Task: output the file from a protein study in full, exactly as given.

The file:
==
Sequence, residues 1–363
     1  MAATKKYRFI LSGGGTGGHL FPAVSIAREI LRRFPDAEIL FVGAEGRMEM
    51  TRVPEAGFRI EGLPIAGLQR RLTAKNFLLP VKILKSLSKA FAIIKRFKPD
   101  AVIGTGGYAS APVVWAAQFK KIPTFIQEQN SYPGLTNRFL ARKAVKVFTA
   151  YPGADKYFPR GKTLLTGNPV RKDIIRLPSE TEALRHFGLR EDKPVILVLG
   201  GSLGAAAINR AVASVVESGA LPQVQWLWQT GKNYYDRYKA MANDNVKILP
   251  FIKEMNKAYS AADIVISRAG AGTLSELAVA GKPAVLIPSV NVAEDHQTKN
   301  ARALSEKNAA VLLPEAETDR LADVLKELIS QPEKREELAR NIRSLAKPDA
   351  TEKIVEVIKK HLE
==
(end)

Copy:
Sequence, residues 1–363
     1  MAATKKYRFI LSGGGTGGHL FPAVSIAREI LRRFPDAEIL FVGAEGRMEM
    51  TRVPEAGFRI EGLPIAGLQR RLTAKNFLLP VKILKSLSKA FAIIKRFKPD
   101  AVIGTGGYAS APVVWAAQFK KIPTFIQEQN SYPGLTNRFL ARKAVKVFTA
   151  YPGADKYFPR GKTLLTGNPV RKDIIRLPSE TEALRHFGLR EDKPVILVLG
   201  GSLGAAAINR AVASVVESGA LPQVQWLWQT GKNYYDRYKA MANDNVKILP
   251  FIKEMNKAYS AADIVISRAG AGTLSELAVA GKPAVLIPSV NVAEDHQTKN
   301  ARALSEKNAA VLLPEAETDR LADVLKELIS QPEKREELAR NIRSLAKPDA
   351  TEKIVEVIKK HLE